§ 9. Sir Anthony Durant
To ask the Secretary of State for Health if he has any plans to meet the British Medical Association to discuss working arrangements for junior hospital doctors.
§ 15. Mr. Eastham
To ask the Secretary of State for Health when he last met representatives of the British Medical Association to discuss junior doctors' hours.
§ Mrs. Virginia Bottomley
We launched a new deal for junior doctors on 12 June aimed at reducing their hours of work and improving their living and working conditions. This has the full backing of the ministerial group on junior doctors' hours which includes British Medical Association representatives. This group, and its supporting technical group, will continue to meet to monitor progress in implementing the new arrangements. I spoke at the BMA's hospital junior staff committee conference on 15 June.
§ Sir Anthony Durant
Does my hon. Friend agree that that is a welcome new agreement, but that its success depends on the co-operation of the consultants, nurses and ancillary workers and that there will have to be some changes of attitude towards junior hospital doctors, particularly among some senior consultants?
§ Mrs. Bottomley
Indeed, Sir. However, the agreement is a great breakthrough. For 15 months the consultants, junior doctors and the NHS management worked together to hammer out the agreement setting explicit limits on the amount of time that junior doctors should work. It is not good enough that they should be working night and day. It is not good for the junior doctors; it is not good for the patients. The consultants and the royal colleges have had to think carefully about the implementation of the agreement and I am confident that, through the ministerial group, we shall continue to see vital progress.
§ Mr. Eastham
On junior doctors working long hours and the consequences for patients, has not it taken between five and six years to obtain the agreement and is not it true that it is not expected to be fully implemented until the end of 1996 and that even then junior doctors' hours will be reduced to only a 60-hour week? Will the Minister give us a guarantee that there will be no change of mind and that funding will be available?
§ Mrs. Bottomley
Before taking lectures from the hon. Gentleman, I remind him that when the Labour party was in government junior doctors worked an average of 91 hours a week. That is now down to about 81 hours. There is, of course, a difference between contracted hours of duty on call and actual working hours. We make it clear that the maximum amount of time on shift working should be 60 hours immediately and 56 hours by the end of 1994.
If the hon. Gentleman wants more details, he should go to the regional conference in Manchester on 25 July, one of nine regional conferences, where the guidance will be spelt out and those who have only a partial understanding of the agreement will have the opportunity to understand the full significance of the breakthrough.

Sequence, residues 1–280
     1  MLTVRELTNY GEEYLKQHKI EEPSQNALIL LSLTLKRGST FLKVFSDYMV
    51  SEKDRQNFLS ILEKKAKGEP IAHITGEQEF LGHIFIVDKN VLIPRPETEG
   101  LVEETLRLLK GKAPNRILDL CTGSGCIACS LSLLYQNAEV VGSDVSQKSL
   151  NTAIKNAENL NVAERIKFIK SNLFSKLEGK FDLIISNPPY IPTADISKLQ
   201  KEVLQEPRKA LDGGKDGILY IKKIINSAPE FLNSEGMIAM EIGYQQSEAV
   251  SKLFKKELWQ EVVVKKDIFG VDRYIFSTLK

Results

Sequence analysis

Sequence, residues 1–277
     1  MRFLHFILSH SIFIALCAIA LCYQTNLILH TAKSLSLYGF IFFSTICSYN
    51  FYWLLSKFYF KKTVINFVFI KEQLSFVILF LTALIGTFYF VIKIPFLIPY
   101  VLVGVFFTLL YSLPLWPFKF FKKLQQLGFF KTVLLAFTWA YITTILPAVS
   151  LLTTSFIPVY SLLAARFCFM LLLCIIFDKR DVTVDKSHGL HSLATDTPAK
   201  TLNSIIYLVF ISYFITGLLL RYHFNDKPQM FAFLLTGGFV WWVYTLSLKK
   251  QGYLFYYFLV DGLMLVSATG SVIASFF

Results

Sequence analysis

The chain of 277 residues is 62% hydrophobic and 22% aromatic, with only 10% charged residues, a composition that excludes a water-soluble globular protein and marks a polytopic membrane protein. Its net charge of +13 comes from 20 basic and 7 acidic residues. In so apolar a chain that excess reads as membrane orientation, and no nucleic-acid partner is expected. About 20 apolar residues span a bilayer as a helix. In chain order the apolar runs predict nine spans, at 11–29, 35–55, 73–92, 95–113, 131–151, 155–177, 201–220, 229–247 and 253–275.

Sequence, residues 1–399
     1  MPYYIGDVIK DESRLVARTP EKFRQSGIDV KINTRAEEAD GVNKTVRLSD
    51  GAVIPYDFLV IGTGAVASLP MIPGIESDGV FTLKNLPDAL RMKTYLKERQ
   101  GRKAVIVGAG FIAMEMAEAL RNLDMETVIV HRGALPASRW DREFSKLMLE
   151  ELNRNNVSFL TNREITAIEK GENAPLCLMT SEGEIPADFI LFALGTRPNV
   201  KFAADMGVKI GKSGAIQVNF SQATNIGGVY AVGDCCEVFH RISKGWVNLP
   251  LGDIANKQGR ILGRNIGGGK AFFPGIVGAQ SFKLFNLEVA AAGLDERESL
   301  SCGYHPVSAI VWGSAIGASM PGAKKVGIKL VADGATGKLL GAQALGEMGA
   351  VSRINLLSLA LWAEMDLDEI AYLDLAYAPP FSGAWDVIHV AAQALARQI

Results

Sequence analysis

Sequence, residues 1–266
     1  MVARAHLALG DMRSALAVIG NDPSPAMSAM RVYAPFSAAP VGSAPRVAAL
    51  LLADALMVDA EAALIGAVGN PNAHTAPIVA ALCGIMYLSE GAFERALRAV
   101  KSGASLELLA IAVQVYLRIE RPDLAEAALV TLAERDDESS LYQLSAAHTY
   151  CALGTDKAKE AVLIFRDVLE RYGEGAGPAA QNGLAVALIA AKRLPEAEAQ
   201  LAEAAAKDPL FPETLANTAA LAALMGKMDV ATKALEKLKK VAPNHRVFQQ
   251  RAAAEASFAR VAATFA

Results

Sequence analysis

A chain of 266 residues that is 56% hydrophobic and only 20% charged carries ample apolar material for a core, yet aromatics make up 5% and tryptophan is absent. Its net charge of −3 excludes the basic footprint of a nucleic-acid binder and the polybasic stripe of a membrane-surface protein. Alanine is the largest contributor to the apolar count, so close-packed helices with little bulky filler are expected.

§ Mr. Moss
I warmly congratulate my hon. Friend on her expert handling of the successful negotiations on junior hospital doctors' conditions of service. This is a major step forward—a view endorsed by the BMA in its recent letter to me. However, bearing in mind the fact that some 50 per cent. of medical students are women, what special steps, if any, does she propose to take to help women junior hospital doctors in particular?
§ Mrs. Bottomley
I pay tribute to all the junior doctors' leaders who worked so hard to secure the agreement. It is another example of practical working together, quite distinct from the rhetoric of adversity and conflict peddled by the Opposition, and building up solid achievements and making progress. My hon. Friend is right that half medical students are women and we are concerned about losing so many of them. There are growing numbers of women general practitioners and doctors. As a practical step forward we have quadrupled the number of part-time registrar posts and developed further initiatives to secure their future so that they can serve the health service on the basis of their training.
§ Mr. Nellist
The Minister will be aware of the case on which I have corresponded with her and the Secretary of State and which I raised with the Prime Minister about three weeks ago of a young junior hospital doctor who worked almost 120 hours during his first week at a hospital and who, at the end of those seven days, collapsed and died. Given that the agreement of which the Minister has spoken this afternoon means that in five years' time, in 1997, it will still be possible for junior hospital doctors to work 72 hours a week, is not that still too little of an agreement to stop the stress and strain on the young doctors replicating that experience, thus risking another death in the next five years?
§ Mrs. Bottomley
I agree that being a junior doctor is much more stressful than it used to be. Modern medicine is much more complex and detailed. Ensuring that juniors are better supported, a better pastoral system, and improved working conditions are all part and parcel of the agreement. It is important to ensure also that junior doctors are properly supervised and that their working arrangements are adequately considered. The 72-hour maximum applies to doctors on duty, but those working consistently on a shift system would work a maximum of 56 hours. To ensure that progress is achieved, we not only established regional working parties but provided 200 extra consultants this year and an additional 50 staff grades. We have backed the agreement with new resources.